Another reason is the inability of our political economy system, in particular the lack of adequate funding for reading interventions, to improve basic education outcomes, as emphasised by the recently released 2023 Background Report for the 2030 Reading Panel. The serious gaps in availability of early childhood development initiatives for most of our very young further exacerbates the challenges for the youth to successfully navigate further and higher education.
Other reasons include high levels of poverty and inequality, violence (in particular gender-based violence), the reality of climate change and poor mental well-being.
From the perspective of one in the higher education sector, these conditions are interrelated and, at times, overwhelming.
Read Daily Maverick’s Youth Day coverage here
On the one hand, the pressure to succeed in tertiary education is exceedingly high since a (relevant) degree from a reputable institution is, rightly, viewed as an important step towards a better and more secure future.
On the other hand, students cannot realistically be expected to be successful in their studies when they are neither well-prepared for university nor enjoy the basic freedoms and conditions needed for focused and satisfactory performance.
Urgent interventions needed
It is puzzling why the precarity of our youth is not receiving more attention by those in powerful and influential positions. Calls for action leading up to national observance days are not enough. Structural interventions are urgently required, and these must be well-planned, costed and budgeted for, and then implemented in a transparent way.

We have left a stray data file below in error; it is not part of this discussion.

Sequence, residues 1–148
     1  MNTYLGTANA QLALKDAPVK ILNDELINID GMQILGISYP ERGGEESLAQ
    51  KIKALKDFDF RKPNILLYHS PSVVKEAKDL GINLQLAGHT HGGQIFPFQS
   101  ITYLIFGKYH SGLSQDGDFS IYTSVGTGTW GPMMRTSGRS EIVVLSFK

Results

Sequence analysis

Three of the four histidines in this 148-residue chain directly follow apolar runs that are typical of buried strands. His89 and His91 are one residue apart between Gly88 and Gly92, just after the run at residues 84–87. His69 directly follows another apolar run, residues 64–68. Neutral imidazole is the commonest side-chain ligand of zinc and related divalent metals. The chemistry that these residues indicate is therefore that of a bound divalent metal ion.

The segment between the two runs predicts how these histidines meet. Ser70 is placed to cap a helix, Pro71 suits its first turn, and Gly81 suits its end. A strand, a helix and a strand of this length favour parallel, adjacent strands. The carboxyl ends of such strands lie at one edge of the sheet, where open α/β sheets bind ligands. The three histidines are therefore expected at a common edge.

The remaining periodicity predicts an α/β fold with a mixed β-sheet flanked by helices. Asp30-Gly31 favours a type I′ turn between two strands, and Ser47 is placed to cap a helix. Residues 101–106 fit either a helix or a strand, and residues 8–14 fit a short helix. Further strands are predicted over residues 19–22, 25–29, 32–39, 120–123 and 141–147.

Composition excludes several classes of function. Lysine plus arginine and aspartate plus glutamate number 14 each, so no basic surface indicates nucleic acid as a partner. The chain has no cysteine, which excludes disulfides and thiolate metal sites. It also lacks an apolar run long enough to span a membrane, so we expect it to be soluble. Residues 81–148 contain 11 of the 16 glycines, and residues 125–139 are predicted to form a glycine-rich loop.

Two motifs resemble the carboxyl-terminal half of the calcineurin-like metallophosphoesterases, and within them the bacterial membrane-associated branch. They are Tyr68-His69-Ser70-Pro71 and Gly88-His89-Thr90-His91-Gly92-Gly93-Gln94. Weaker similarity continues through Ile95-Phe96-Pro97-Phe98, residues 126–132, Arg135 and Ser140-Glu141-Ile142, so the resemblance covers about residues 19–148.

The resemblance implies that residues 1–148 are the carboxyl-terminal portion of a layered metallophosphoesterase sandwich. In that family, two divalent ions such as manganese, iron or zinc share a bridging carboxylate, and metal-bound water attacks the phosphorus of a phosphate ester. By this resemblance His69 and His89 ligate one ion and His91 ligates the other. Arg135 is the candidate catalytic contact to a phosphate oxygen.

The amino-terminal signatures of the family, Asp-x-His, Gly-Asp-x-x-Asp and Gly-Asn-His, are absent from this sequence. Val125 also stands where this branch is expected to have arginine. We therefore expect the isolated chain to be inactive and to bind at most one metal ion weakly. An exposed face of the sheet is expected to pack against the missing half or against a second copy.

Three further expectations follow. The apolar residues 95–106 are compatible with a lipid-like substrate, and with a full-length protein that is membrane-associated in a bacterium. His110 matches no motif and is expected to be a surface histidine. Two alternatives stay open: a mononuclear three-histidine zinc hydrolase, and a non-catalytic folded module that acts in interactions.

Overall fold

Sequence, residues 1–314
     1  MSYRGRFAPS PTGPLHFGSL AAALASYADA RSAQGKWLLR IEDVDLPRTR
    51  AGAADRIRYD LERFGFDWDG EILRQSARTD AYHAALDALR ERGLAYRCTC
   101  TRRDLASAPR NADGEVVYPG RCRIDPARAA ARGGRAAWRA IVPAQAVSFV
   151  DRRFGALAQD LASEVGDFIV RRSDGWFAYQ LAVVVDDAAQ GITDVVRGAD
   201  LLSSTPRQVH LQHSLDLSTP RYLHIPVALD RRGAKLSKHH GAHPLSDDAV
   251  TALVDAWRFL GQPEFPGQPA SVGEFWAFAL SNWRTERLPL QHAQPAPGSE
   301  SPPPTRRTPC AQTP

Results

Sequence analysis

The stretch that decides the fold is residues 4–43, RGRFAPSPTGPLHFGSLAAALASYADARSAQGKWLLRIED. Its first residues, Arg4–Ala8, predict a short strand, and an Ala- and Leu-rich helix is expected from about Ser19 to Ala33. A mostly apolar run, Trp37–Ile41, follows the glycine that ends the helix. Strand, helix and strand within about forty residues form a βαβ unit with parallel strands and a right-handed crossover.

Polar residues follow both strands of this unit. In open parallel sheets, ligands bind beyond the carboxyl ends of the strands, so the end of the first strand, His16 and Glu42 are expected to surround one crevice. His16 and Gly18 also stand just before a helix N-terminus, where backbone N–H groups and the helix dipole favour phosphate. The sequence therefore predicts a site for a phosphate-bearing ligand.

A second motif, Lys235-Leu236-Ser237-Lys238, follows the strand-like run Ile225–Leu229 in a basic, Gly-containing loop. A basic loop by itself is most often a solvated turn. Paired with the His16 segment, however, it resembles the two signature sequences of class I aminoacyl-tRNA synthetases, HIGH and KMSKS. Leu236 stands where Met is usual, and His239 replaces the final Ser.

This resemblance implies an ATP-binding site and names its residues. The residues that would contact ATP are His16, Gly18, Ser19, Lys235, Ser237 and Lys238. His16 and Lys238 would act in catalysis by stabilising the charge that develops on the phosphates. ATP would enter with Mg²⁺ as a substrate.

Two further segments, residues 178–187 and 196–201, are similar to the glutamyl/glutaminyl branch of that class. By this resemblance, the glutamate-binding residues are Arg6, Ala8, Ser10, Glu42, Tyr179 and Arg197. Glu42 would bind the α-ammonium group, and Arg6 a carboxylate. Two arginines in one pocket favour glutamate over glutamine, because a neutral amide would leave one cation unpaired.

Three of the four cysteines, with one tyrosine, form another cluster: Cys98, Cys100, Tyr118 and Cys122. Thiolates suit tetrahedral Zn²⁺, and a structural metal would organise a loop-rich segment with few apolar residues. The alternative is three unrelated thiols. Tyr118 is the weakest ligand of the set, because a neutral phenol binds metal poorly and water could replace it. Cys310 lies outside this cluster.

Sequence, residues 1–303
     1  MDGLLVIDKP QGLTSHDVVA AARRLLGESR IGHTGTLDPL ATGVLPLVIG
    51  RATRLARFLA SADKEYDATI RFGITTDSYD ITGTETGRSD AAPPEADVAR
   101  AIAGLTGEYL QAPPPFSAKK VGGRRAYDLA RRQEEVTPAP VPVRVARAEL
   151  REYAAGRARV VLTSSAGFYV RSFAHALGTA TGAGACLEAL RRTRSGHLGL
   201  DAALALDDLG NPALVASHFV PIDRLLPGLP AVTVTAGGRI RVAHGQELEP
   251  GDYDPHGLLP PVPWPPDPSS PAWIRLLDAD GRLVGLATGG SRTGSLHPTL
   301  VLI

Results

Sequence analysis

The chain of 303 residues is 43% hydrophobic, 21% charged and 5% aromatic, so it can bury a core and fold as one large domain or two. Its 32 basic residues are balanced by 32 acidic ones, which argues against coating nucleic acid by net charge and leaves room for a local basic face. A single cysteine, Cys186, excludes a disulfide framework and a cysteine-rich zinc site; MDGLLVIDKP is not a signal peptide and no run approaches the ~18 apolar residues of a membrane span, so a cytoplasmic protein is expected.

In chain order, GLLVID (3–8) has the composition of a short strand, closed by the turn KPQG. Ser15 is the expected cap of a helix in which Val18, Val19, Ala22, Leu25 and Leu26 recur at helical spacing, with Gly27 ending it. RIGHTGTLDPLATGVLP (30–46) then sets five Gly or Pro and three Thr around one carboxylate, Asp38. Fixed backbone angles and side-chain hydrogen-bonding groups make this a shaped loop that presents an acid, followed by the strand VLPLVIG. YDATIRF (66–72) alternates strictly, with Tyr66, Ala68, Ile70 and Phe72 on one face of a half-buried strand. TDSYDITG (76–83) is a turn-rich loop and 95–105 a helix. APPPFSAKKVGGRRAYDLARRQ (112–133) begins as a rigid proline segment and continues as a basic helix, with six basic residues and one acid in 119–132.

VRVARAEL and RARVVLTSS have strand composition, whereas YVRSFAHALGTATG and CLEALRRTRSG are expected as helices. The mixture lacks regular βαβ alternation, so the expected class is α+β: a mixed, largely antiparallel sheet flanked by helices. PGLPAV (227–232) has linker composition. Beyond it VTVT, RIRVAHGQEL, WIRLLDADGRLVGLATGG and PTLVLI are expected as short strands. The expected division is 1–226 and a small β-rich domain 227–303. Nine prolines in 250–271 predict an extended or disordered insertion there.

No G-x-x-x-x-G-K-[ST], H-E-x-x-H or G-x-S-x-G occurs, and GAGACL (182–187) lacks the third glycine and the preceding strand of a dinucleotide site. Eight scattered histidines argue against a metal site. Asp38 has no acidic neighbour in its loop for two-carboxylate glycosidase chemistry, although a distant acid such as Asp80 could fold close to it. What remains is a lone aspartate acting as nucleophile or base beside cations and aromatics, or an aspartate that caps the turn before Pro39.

To move the needle, interventions must also be coordinated between the different clusters, including trade, industry and employment, higher education and training, safety and security and social development. It goes without saying that those affected as well as those working with the young should be involved at every stage – from conceptualisation to implementation and regular monitoring and evaluation.
Given the dire situation of our young people, it is time for us to think seriously about what we wish for, hope for and expect. In higher education, for example, increased emphasis is now placed on programme renewal to ensure that graduates not only leave campus with a qualification, but with the necessary knowledge, skills and competencies to thrive in the rapidly changing labour market.
Such a strategy has many components (including the inputs of discipline experts, agile internal and external accreditation processes, the need for resources to make the necessary changes to study material, methodology and teaching and support to reconfigure administrative and other systems). The cost is therefore high; however, the cost of not doing so is much higher.
Perhaps the usefulness of Youth Day (other than commemorating the historic Soweto Uprising) is that it prompts us to do this and, hopefully, take concerted action. The call for action globally and nationally needs to be renewed and intensified, but moreover it must result in concrete and coordinated actions and forward momentum that will benefit the youth.
In the absence of improved conditions for a gainful and active role for young people, there is a serious danger of social unrest, and our country will never realise our constitutional aspiration of a society where everyone can reach their full potential. DM